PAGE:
BIFF director Maxine Williamson on the festival’s return
‘The Square’ will open this year’s BIFF.
The Brisbane International Film Festival will seek an injection of more funding when it returns this week after a three-year hiatus.
Festival director Maxine Williamson said she is happy with the level of corporate and audience interest in the festival considering “we had literally two months to turn it around.”
“Next year we will have more of an opportunity to do more of a sponsor drive,” she said.
The BIFF, with its focus on films from the Asia-Pacific region, was a revered and distinct event on the local film festival circuit before it was displaced by the well-funded Asia Pacific Screen Awards on the Gold Coast and then the Brisbane Asia Pacific Film Festival in 2014 during a power struggle between the Gold Coast and Brisbane. Williamson was previously film director of APSA for a decade and the Brisbane APFF.
She said the first approach to Screen Queensland for funding was in April, so to assemble a festival including two world premieres and seven Australian premieres in such quick time was an achievement.
“What I’m proud of is in a really short period of time we were able to build some structure to the program,” she said.
“I’m really happy we were able to have the faith of Screen Queensland and receive the $250,000 grant to deliver this program,” Williamson said. “It’s not a huge amount of money but what we’re delivering is huge bang for the bucks.”
The figure pales next to state and city funding for the major Melbourne and Sydney film festivals, so Williamson won’t be reticent asking for increased funding after this iteration.
And with BIFF’s renewal, the unsettling politicking within Queensland screen culture appears to have faded.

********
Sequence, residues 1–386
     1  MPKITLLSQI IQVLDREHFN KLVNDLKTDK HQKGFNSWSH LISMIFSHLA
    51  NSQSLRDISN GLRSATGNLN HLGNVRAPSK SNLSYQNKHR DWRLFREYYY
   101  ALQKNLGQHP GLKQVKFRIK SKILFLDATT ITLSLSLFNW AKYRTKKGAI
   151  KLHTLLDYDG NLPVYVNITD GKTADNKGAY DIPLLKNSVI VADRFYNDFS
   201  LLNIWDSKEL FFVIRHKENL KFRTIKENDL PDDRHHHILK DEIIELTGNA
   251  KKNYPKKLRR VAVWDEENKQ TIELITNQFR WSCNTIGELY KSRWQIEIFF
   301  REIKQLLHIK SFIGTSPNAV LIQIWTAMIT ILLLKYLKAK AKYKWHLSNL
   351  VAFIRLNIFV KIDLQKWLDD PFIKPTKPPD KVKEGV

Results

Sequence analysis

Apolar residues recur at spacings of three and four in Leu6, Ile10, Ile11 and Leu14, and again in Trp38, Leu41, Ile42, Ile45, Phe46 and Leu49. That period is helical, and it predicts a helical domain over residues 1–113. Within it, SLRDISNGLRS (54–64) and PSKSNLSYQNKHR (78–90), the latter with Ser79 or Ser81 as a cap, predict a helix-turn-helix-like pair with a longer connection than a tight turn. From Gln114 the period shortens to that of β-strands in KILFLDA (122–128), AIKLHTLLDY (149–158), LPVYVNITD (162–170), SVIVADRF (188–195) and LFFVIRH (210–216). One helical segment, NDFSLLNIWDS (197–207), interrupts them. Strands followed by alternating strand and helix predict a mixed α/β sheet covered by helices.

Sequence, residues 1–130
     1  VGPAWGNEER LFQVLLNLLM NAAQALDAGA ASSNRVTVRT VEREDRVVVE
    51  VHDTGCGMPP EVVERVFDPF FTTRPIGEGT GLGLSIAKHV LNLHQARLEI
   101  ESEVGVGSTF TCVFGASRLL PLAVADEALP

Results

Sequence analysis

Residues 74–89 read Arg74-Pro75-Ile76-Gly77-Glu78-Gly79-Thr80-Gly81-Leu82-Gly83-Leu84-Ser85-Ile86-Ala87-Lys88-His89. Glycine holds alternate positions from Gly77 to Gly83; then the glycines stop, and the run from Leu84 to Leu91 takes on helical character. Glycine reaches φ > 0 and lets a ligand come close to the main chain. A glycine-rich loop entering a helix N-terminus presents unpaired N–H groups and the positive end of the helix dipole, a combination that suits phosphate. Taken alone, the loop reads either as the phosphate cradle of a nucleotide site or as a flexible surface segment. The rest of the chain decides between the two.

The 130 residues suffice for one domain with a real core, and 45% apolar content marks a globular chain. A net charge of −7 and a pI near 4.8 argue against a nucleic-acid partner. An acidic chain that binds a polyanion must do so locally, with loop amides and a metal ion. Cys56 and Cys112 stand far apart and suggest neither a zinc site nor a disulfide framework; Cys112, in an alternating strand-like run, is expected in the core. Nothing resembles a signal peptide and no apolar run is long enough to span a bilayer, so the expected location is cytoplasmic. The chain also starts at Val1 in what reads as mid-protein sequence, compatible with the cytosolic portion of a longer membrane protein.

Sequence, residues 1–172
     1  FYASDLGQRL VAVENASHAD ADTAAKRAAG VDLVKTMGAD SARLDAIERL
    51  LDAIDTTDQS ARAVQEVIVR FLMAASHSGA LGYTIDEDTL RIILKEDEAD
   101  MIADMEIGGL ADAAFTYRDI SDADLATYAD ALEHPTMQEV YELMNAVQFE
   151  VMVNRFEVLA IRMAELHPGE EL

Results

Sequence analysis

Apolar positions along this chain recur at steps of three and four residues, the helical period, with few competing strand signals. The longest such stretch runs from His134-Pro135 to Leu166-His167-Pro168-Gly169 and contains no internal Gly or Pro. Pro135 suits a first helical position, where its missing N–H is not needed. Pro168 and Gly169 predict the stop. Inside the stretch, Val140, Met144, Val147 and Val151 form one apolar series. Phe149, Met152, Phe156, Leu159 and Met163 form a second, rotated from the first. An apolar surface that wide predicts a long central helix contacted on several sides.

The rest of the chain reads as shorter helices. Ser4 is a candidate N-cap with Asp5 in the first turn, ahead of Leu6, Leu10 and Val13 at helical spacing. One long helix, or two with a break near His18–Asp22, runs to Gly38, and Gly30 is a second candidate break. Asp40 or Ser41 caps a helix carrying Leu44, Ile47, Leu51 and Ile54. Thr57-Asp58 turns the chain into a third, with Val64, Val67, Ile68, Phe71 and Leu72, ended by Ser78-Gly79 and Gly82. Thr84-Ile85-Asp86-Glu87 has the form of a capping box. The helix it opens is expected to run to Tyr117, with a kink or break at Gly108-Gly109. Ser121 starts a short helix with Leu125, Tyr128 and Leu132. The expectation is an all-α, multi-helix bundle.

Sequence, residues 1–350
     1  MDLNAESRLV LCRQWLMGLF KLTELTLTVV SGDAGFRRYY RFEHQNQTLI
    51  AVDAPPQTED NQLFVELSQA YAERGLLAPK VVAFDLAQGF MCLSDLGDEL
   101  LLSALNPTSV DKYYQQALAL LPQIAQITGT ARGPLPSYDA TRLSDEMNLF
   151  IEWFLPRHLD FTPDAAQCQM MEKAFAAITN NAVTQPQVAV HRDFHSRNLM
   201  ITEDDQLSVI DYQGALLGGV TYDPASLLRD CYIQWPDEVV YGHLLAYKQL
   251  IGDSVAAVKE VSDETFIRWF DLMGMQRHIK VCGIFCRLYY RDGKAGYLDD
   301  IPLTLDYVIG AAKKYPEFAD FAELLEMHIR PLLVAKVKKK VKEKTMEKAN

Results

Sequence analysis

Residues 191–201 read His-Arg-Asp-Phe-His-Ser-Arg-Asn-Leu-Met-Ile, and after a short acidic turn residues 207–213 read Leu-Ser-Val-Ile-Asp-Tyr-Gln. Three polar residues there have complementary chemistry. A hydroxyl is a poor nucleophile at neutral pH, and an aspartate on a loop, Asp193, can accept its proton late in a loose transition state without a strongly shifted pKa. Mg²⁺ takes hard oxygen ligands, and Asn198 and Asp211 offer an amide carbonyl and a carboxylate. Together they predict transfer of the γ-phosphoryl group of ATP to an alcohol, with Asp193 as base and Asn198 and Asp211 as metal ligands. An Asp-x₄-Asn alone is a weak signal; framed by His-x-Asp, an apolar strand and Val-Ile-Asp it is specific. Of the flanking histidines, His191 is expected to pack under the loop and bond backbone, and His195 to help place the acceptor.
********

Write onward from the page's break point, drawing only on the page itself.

“It’s good to have some steady times,” Williamson laughed. “It’s difficult when a brand hasn’t been in the market for three years. We’ve had to reintroduce a brand that had great international recognition.”
She added the festival will try to renew its strength in showcasing Asia Pacific cinema, just as her predecessor, Anne Demy-Geroe had done.
“And it’s complementary to be working with the other significant cultural event here, in its 11th year, the APSAs.” The 11th Asia Pacific Screen Awards will be presented in Brisbane on Thursday 23 November 2017.
BIFF opens with this year’s Palme d’Or winner from Cannes, Swedish satire, The Square, and concludes with Kriv Stender’s documentary about the hometown heroes, The Go-Betweens: Right Now.
Other highlights include the Centrepiece Gala, featuring the Cannes Film Festival jury Prize winner from Russia, Loveless, four showcases featuring contemporary works from Iran, France, Vietnam and Hungary, and a retrospective of work by Russian auteur, and Venice Golden Lion winner, Andrey Zvyagintsev (including Leviathan, Elena and Return).
Festival guests include Stenders (whose feature, Australia Day, also screens), Australian filmmakers Jeffrey Walker (Ali’s Wedding), Gregory Erdstein and Alice Foulcher (That’s Not Me) and Richard Gray (Summer Coda) with the world premiere of his US thriller, Broken Ghost.
The festival will use two venues, those of major partner Palace Cinemas, Barracks and Centro.
Williamson admitted: “I know there’s been some questions about Palace’s involvement but [programmer] Richard [Sowada] and I have been driving this festival completely.” Nevertheless, she anticipated expanding to more venues next year.
“I really do need to give the nod to [Palace founder] Antonio Zeccola here,” she said. “This wasn’t just a desire for a commercial outcome. He comes here a lot, loves this city and they knew it just wasn’t good for anyone’s business for a city that’s known for the Asia Pacific Triennial and has its own theatre and ballet companies and everything else, not to have it’s own film festival.”
The Brisbane International Film Festival runs from 17 August – 3 September 2017 .